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article imageChernobyl — The world is still in denial over radiation damages

By Karen Graham     Apr 25, 2016 in Environment
For people living in Belarus, a country that ended up with 23 percent of its land contaminated with radioactive fallout after the Chernobyl disaster on April 26, 1986, the incident has turned into a fairy tale, and they are living in a fantasy world.
Tuesday will mark the 30th anniversary of the day of the Chernobyl explosion and fire, and the day the world came face-to-face with the worst nuclear disaster we have ever witnessed.
The radioactive cloud from Chernobyl, pushed by a southerly wind, engulfed Belarus, covering 70 percent of the country and contaminating 23 percent of the soil. Russia had 0.5 percent of its territory contaminated and Ukraine had 4.8 percent of its land contaminated. Yes, exclusion zones were put in place and hundreds of thousands of people were relocated, according to New Europe.
Chernobyl radiation map from CIA handbook.
Chernobyl radiation map from CIA handbook.
CIA Factbook,
In Belarus, 138,000 people living closest to Chernobyl had to be evacuated, while another 200,000 living nearby left the area voluntarily. In the 30 years since the nuclear disaster, the world has been repeatedly assured that Chernobyl is now much safer. We read about the return of wildlife and the reemergence of forests and woodlands.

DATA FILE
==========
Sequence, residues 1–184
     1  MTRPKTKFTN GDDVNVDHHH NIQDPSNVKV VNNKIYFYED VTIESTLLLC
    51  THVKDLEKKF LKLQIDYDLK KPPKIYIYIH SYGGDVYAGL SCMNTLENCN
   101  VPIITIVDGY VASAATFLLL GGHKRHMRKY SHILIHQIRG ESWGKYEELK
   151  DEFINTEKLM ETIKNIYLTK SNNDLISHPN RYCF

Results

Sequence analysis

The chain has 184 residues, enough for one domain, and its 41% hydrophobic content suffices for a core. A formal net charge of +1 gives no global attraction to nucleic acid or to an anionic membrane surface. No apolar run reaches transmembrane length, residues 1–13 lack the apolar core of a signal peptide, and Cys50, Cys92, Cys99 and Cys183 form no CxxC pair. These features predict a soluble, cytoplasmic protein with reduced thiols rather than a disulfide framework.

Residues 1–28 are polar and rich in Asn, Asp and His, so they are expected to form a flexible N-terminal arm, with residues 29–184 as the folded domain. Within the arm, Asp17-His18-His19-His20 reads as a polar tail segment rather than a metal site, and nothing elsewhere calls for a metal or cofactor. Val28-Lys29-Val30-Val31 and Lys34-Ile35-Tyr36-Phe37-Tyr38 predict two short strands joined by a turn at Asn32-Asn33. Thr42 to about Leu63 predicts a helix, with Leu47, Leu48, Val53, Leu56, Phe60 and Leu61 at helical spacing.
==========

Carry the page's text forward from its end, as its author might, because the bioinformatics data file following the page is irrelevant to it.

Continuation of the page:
The fairy tale that was the Chernobyl disaster has been repeated enough in Belarus that people now believe everything is OK, and they are now safe from harm. But this fantasy has been created by an authoritarian government in the agriculture-dependent nation.
Making the fantasy real by using the tainted land
CBS News reports the government is determined to reclaim the radiation-tainted land that has sat idle for three decades for agricultural use and in a country where expressing your opinion is frowned upon and dissent is quashed, there is little that can be done.
For the last 10 years, President Alexander Lukashenko has conducted a campaign to tone down the effects of radiation in Belarus. There are no medical records showing any disease due to the Chernobyl explosion, and no state help is forthcoming for the population.
Belarus does have a site that is supposedly off-limits called the Polesky State Radioecological Reserve. Also known as Zapovednik, it borders the Chernobyl Exclusion Zone in Ukraine. It is one of the biggest nature reserves in Europe, covering 2,162 square kilometers. It was supposed created for the study of a contaminated habitat.
Since rising to power in 1994  President Alexander Lukashenko is one of Europe s longest ruling head...
Since rising to power in 1994, President Alexander Lukashenko is one of Europe's longest ruling heads of state.
Instead, the government has figured out a way to make the reserve pay for itself while adding money to government coffers and feeding a nation. Besides using timber for woodworking and logging, crops are grown for fodder for animals and human consumption.
The Belarusian president changed the reserve to an Environmental Research Station by a decree put into place on January 21, 2013. But the amended decree did not change the wording that refers to the high level of contamination at the reserve.